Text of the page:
Detail of material used for Naama Hadany's ten-foot tapestry wall

One of the most exciting parts about being involved with the MFA Show is getting to watch artists’ ideas evolve and materialize. And one of the most challenging aspects of this process is dealing with logistical details or limitations when an artist’s work is still in flux. In a relatively fixed area like the Sullivan Galleries—with building quirks like unclean corners and exposed ventilation units—space for an exhibition of 103 artists is not easily negotiated. Whether conceptual dissonance or spatial factors like sound bleed or projector throw distance, artworks simply cannot be dropped into any random space in the gallery. For this reason, it is essential to be in continual conversation with artists so that the changing details of artworks harmoniously align with the realities of the flow of the exhibition and the Sullivan Galleries space.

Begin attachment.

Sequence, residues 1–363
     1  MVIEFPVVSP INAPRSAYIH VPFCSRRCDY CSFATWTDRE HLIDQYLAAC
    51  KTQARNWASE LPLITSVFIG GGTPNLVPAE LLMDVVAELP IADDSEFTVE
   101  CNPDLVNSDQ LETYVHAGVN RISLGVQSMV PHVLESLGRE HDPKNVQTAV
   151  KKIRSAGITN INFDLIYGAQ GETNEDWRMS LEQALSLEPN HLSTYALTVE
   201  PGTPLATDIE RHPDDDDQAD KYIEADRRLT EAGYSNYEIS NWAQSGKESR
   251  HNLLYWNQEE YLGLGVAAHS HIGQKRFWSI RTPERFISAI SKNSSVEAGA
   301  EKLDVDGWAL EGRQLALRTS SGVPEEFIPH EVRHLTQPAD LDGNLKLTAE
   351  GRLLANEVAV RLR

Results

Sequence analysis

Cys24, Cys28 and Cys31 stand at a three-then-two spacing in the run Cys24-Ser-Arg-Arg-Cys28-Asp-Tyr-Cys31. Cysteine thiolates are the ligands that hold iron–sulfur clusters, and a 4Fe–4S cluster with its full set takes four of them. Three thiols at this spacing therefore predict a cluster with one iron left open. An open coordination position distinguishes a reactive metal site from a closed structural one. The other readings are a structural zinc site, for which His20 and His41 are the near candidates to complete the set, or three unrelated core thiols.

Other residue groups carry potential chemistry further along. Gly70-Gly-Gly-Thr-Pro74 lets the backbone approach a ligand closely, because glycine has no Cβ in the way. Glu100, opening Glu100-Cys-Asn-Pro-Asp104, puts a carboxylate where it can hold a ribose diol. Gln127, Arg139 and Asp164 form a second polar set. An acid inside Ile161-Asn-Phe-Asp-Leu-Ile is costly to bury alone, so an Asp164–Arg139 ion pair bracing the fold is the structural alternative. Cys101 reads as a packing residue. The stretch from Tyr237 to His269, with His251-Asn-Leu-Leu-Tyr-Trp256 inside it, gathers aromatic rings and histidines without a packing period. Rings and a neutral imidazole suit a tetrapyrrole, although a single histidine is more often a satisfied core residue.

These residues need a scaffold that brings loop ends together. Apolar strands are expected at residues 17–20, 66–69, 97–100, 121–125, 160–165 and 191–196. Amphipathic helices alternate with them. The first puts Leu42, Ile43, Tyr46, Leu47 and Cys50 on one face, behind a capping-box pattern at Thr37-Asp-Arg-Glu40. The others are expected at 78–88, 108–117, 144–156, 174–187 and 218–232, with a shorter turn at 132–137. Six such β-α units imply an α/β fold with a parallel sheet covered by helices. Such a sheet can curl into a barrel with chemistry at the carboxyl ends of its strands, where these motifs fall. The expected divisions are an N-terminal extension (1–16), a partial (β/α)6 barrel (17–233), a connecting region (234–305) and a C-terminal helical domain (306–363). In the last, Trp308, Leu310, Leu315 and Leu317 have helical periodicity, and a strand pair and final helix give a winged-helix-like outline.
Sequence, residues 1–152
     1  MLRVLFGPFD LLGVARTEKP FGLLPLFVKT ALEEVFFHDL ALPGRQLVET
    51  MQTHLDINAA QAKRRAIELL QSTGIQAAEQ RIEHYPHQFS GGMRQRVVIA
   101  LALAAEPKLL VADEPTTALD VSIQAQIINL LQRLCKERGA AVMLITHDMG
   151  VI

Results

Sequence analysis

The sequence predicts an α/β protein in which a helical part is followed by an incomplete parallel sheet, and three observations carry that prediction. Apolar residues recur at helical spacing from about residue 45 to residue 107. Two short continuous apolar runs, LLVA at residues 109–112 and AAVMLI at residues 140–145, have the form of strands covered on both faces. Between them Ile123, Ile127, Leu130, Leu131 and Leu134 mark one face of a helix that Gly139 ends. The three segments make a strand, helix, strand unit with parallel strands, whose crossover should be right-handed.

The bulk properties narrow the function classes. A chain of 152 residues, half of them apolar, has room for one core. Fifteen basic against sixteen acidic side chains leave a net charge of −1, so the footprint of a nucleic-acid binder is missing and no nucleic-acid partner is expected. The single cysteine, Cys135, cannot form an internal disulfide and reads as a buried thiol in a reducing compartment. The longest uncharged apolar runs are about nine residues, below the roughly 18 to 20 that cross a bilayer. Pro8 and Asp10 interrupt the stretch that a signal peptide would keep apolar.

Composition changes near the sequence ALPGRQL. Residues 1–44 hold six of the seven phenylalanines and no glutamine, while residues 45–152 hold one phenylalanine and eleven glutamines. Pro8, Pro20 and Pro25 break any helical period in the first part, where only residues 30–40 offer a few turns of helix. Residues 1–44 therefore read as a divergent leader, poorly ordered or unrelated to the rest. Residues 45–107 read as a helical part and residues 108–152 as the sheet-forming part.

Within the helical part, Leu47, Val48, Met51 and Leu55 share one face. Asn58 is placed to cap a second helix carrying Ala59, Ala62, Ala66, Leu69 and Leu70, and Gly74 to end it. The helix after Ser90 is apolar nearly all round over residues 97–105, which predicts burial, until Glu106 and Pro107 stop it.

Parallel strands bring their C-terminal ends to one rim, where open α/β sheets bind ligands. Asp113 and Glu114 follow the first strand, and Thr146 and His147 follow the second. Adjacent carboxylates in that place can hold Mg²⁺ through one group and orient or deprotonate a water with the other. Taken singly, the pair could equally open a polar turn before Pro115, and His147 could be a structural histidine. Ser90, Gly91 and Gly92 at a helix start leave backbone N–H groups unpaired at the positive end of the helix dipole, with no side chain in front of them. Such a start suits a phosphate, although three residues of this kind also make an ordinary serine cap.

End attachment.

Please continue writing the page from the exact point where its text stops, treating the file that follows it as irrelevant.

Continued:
Being attentive to the technical details of an artist’s work naturally relates to curatorial teams’ close attention to the conceptual details of the work as well. Studio visits offer an exciting opportunity both to observe and discuss artwork in process, before it evolves into its final form for the MFA Show. These conversations enable repeated encounters and the opportunity for the emergence of details, both conceptual and material:

Detail of the wax in Bachar Bachara's sculptures
Detail of the many colors and materials used in Tif Sung's handbuilt ceramic sculptures, which change with each firing